THEY WERE AFRIRAMPO, by Oliver Hall (Arthur, 2005)

Originally published with photography and design by W.T. Nelson in Arthur No. 18 (Sept. 2005)

They Are Afrirampo
Oliver Hall encounters Osaka’s number one freedom paradise rock duo.

When Oni and Pikachu arrived at the Smell in downtown Los Angeles there was nothing about them that suggested the powers they would soon deploy on stage. Certain performers have a way of carrying themselves in venues that tells you not to approach them unless you have something important to say about the sound system or how many drink tickets they get, and Afrirampo, despite looking road-weary, and dressed down in floral prints with naked faces, held themselves with that kind of authority. Not that it stopped (male) fans from approaching the two, or the band from receiving them graciously. But they did not look like the creatures you’d expect to see after reading any of their press: sex demons, noise futurists, musical athletes, punk sibyls who, when asked for their favorite three albums of all time responded, “1. AFRIRAMPO 2.AFRIRAMPO 3. AFRIRAMPO”. . .

Here is the description of Afrirampo on the band’s website:

young Japanese girls rock duo from Osaka JAPAN!
Naked rock!!!!! Naked soul!!! Red red strong red dress!! Freeeeeeeeedam
paradice rock! Jump! With improvisation.
Sooo fantastic & wild performance!

Afrirampo’s recording career began with A (not to be confused with A’, presumably to be read “A-prime,” a collection of early recordings), a shrieking garage-thrash record with guitar, drums and two girl voices; if the music on this record has any antecedents, it’s the startling moments of weirdness and the playful, conspiratorial spirit of the ealry ‘80s Swiss female punk band Kleenex/LiLiPUT, who, like Afrirampo, enjoyed letting music wreak havoc with familiar vowels. Afrirampo’s latest release, Kore Ga Mayaku Da on John Zorn’s Tzadik Records, is similarly playful but more elaborate and scary, like classical theater. I interviewed them around the corner from the Smell, before they were in costume and makeup; a little over an hour later, their set came to a close with the crowd bearing Pikachu from the stage to the front door as Oni took over the drums and sang Sayonara! Sayonara!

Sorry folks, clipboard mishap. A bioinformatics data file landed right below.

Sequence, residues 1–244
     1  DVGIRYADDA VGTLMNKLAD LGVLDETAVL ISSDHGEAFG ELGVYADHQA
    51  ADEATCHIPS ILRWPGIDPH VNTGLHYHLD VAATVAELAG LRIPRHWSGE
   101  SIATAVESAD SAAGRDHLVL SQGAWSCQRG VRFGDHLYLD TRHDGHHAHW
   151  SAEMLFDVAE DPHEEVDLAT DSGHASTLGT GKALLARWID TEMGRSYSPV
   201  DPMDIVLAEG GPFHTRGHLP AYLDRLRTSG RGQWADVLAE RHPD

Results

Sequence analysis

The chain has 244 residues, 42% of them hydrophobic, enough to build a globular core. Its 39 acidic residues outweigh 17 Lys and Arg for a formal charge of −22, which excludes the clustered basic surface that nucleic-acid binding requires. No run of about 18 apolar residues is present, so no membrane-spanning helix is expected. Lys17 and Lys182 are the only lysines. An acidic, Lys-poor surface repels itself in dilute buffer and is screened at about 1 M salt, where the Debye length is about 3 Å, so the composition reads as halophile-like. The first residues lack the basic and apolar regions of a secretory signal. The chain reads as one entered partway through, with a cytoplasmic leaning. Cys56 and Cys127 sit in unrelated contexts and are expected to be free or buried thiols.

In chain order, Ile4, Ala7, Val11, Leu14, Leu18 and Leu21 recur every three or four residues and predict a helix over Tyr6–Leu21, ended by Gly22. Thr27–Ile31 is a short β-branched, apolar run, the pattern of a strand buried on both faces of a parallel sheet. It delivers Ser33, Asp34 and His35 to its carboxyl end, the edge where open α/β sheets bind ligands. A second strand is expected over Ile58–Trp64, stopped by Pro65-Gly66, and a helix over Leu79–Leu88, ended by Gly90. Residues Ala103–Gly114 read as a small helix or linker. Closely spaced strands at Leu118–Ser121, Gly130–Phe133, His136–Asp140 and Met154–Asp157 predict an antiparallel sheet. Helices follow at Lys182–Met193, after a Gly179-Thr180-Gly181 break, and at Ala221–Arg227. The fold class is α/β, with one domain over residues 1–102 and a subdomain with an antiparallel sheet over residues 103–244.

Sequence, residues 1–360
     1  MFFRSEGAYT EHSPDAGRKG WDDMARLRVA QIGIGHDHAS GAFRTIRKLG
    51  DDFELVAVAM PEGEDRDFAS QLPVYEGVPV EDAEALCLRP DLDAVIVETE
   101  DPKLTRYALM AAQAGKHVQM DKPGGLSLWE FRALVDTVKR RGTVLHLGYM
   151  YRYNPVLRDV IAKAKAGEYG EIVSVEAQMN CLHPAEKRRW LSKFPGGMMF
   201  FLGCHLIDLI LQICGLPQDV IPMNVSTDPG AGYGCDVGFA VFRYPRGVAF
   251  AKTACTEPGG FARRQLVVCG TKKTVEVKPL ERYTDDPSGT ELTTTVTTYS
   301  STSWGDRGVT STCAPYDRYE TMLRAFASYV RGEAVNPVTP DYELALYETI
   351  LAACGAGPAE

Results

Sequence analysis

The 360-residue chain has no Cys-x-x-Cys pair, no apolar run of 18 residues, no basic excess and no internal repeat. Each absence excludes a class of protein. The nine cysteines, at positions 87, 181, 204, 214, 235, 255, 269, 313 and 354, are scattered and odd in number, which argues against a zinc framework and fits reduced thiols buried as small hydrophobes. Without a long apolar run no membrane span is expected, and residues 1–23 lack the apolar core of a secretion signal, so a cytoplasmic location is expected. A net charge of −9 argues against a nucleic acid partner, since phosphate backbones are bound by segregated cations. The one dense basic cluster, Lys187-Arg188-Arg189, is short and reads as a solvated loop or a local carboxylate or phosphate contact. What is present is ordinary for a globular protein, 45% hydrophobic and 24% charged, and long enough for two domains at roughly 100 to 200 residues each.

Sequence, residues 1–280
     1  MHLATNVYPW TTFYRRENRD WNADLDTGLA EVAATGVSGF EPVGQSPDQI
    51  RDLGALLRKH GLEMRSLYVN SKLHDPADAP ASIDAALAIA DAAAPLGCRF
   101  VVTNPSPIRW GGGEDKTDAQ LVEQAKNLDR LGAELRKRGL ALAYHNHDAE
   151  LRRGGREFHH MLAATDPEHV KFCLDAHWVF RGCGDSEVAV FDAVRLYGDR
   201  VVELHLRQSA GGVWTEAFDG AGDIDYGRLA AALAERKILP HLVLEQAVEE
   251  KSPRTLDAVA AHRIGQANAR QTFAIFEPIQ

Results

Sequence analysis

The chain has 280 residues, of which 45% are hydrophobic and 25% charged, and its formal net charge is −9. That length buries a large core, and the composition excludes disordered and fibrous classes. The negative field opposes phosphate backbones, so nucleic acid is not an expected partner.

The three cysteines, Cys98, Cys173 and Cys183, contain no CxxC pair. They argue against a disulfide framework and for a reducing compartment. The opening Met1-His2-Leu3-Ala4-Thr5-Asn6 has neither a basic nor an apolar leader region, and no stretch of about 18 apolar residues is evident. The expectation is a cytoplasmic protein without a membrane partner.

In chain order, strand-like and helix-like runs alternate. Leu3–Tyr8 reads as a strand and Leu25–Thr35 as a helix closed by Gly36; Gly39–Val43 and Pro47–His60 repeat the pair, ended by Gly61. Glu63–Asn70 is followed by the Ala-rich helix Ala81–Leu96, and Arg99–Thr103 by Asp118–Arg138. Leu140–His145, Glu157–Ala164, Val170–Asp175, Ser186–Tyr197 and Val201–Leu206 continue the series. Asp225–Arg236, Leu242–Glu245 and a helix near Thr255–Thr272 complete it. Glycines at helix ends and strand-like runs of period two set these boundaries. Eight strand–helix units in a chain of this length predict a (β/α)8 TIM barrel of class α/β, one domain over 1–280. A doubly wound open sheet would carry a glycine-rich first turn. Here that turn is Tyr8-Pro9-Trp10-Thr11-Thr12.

My intention was to interview Afrirampo at the bar behind the Smell on Main, but as we turned from Harlem Alley onto Third Street, Oni exclaimed, “Japanese food!” They had identified something that would relieve their homesickness: a plain burger restaurant with a marquee-style menu behind the counter, sparsely decorated with objects whose strangeness I wouldn’t have noticed if Oni had not been so taken with them.

“I like frogs,” she said, pointing to the giant ceramic vase in the shape of two frogs on the counter. There were plastic pieces of fruit spread out like a rebus on the shelves in one wall and a painting of two ballerinas in a dance studio hung opposite.

“Looks like Japanese,” said Pikachu.

“European,” said Oni. They seem to contradict each other often in conversation in this breezy way, just as one of them will suddenly, frighteningly take over a song in the middle of a performance. When I asked them how music in Japan, especially in their hometown Osaka, is different from music in America, Pikachu frowned, “It’s the same!” “Very different,” said Oni. “Especially in Osaka, like underground scene? Noise? Strong, and also more deep, especially in Osaka, for now. Interesting, more than America.”

Oni seems to love the words “strong” and “deep,” referring, for example, to Keiji Haino, Acid Mothers Temple and the older generation of out Japanese musicians they’ve played with as “deep, deep, crazy old guys.” Despite these connections, Afrirampo does not see itself as a noise band. When I tried to argue that American noise aesthetics have more in common with Japanese noise’s love of pure sound than the conceptual abstractions of European, industrial noise, they seemed to think I am calling them a noise band.

“Not only noise music,” said Oni.

“Actually, not noise music,” said Pikachu.

“Strange music,” said Ono.

“I want to know more about strange music of America,” said Pikachu.

Here I asked them a pretentious question about their views on America’s political situation, but thankfully neither of them recognized the word “politics.” They had made a salutary proposal for the commonwealth in their SF Burning e-mail interview last year, when Pikachu suggested President Bush “should play the drums or live in AFRICA with pygmy.” Taking what William S. Burroughs liked to call a broad, general view of the situation, Oni elaborated: “Fucked UP!!”